Wikidata is a decent place for storing ontology-type data (ie. key facts about somewhat notable entities), but we don't have a good place for storing very specific and detailed data (such as time series).
The COVID-19 related English Wikipedia articles contain various very detailed data (mostly, but not exclusively time series):
- daily number of total cases / active cases / recovered / dead (globally or per country, sometimes below the country level too)
- daily number of tests (globally or per country)
- start/end date of various restrictions like lockdowns
- number of students affected by school closures (per country)
These also tend to come with very detailed sourcing (ie. different data points come from different sources, sometimes contradictory sources or other commentary).
Currently these are handled with free-form, hand-maintained templates, which contain wikitables to be inserted into the relevant articles directly (e.g. current case count by country, daily case counts by country, US states cases, UK region cases, quarantine times, number of students affected by school closures), with further hand-maintained templates to access the same data in a different format (current stats). There are also some machine-updated templates that mirror data from some official source, to be used for visualization (case count maps).
This has some benefits:
- Everything is on English Wikipedia so lines of authority are clear, and the quality is high since sourcing, data quality and dealing with vandalism and disinformation are a core competency of enwiki.
- It is reasonably easy, starting from an article, to find how to edit the data.
- Editing is somewhat sane, with VisualEditor being available for making changes. ("Somewhat" because the tables are large and VE becomes sluggish; but it's still better than trying to find your way in hundreds of lines of raw text, and it's an interface editors are already familiar with.)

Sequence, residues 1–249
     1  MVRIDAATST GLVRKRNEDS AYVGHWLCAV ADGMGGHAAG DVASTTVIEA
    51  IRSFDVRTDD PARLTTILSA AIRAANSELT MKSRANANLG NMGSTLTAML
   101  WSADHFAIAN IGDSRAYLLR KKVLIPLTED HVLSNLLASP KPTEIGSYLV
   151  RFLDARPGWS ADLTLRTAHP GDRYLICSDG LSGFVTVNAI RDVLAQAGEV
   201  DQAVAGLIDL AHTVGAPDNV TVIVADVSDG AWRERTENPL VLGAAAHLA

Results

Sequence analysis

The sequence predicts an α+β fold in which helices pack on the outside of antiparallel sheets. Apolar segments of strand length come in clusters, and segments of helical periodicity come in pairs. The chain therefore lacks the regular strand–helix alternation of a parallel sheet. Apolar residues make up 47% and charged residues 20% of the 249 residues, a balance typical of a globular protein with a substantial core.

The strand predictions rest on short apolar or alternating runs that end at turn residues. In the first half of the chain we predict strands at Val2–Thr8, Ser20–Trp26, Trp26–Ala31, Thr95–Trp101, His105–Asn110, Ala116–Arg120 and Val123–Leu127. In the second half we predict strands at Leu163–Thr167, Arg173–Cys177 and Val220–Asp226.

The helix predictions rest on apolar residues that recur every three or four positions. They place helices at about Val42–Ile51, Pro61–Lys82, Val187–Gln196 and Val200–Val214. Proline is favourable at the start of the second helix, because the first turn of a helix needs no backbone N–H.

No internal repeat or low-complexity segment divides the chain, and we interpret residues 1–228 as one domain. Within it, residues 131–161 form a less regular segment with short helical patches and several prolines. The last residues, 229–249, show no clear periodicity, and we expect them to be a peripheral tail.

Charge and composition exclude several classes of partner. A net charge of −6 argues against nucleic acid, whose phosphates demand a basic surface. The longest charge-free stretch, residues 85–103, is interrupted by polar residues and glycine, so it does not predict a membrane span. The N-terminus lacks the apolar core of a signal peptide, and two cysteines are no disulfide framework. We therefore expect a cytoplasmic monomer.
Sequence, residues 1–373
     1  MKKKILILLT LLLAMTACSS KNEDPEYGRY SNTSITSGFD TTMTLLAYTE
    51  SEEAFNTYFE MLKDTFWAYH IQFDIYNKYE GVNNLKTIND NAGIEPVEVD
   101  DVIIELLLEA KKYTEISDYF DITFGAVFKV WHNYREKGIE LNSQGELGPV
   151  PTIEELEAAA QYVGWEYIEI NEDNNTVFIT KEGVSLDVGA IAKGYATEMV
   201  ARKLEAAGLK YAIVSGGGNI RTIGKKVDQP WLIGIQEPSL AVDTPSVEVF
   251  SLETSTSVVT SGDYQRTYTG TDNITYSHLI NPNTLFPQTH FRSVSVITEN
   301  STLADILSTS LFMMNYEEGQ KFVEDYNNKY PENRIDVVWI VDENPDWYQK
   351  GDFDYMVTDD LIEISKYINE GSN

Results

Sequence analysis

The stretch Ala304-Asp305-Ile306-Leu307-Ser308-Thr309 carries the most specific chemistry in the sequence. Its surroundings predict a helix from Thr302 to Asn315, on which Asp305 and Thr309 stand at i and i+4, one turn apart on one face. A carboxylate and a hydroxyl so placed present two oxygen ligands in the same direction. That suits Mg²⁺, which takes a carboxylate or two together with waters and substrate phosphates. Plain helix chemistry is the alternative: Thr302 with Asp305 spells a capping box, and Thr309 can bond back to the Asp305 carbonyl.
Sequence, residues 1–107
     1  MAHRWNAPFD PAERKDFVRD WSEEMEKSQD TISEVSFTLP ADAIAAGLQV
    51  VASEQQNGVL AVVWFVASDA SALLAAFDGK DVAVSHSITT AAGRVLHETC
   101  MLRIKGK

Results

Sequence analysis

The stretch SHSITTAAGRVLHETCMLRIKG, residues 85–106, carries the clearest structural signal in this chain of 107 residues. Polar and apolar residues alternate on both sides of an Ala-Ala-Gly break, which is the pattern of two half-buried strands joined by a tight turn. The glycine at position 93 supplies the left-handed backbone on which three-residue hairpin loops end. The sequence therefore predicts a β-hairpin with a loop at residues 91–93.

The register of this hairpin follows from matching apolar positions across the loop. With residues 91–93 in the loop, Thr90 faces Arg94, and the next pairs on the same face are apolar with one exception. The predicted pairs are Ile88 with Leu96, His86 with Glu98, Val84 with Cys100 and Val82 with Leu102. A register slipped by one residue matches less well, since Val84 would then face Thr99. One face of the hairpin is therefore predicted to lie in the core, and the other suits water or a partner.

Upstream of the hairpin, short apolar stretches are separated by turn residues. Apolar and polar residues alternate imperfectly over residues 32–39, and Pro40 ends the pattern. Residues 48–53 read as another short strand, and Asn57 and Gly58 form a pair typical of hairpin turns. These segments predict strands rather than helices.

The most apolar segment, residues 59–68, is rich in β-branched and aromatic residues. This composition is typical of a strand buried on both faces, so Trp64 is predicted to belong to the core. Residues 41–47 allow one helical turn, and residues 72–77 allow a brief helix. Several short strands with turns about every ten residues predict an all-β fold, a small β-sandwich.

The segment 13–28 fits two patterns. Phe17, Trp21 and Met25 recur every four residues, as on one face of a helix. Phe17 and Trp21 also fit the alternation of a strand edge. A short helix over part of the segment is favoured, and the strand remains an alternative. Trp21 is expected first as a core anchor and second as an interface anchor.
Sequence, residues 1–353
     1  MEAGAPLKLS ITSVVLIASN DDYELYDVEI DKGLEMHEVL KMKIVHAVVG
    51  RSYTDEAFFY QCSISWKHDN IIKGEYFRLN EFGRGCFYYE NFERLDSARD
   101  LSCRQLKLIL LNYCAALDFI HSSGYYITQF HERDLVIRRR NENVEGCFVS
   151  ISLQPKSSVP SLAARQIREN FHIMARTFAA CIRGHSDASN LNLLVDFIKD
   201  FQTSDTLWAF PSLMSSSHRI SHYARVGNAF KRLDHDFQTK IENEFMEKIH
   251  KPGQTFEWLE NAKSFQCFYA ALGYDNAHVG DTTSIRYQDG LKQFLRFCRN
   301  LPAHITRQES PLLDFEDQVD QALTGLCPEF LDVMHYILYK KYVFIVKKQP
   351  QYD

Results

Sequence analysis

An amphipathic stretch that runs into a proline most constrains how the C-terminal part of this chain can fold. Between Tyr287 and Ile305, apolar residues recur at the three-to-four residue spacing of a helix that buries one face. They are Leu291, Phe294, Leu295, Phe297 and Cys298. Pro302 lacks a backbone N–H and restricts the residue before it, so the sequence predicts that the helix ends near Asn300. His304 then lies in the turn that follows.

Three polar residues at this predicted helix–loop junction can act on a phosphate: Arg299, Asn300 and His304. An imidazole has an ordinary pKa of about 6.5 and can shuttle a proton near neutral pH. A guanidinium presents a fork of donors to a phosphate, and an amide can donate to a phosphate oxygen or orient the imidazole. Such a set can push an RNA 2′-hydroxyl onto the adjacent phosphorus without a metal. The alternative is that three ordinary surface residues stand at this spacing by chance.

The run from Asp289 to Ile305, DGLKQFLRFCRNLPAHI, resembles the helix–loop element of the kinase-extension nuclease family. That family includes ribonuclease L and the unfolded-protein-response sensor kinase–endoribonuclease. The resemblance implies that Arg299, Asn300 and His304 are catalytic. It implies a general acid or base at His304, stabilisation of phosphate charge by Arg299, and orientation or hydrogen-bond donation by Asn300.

But it has lots of disadvantages too:
- Diffs are not great. Visual diffs are broken completely (that's T211897: Visual Diffs: Improve table diffing, presumably - the calculation times out so VE just shows the table with no changes, even for structurally simple changes which just change a cell value) and text diffs in a huge table are just not terribly helpful (example).
- The data is not machine-readable (the tables can probably be scraped with some effort, but even that's terribly fragile).
- The data is not available on other Wikipedias, so they can't easily benefit from all the hard work of enwiki editors, and on many of them the data is significantly outdated.
- The data cannot be handled by wikitext logic (such as Lua modules), leading to maintenance problems like the difficulty of keeping row/column totals in sync (T247875: Assist with maintaining aggregate values in numerical tables).
- Turning the data into graphs or charts is an entirely manual effort (see e.g. T249127: Create regularly updated maps of COVID-19 outbreak). That's a significant burden for enwiki editors, has a large opportunity cost since most potential illustrations just never happen due to lack of capacity for automating them or manually creating them, and it's also a further pain point for cross-wiki reuse since the graphs that do get made are usually not translatable.
- The data is not available outside Wikipedia, e.g. to people who want to build dashboards.
It's worth considering how we can improve this situation, both in the short term for COVID-19-related efforts, and in the long term more generally.
Have at least one significant COVID-19-related data table which is accessible in a machine-readable way, can be accessed on any Wikimedia wiki via some functionality integrated into wikitext (such as Lua), receives regular updates and does not cause distress to the editor community.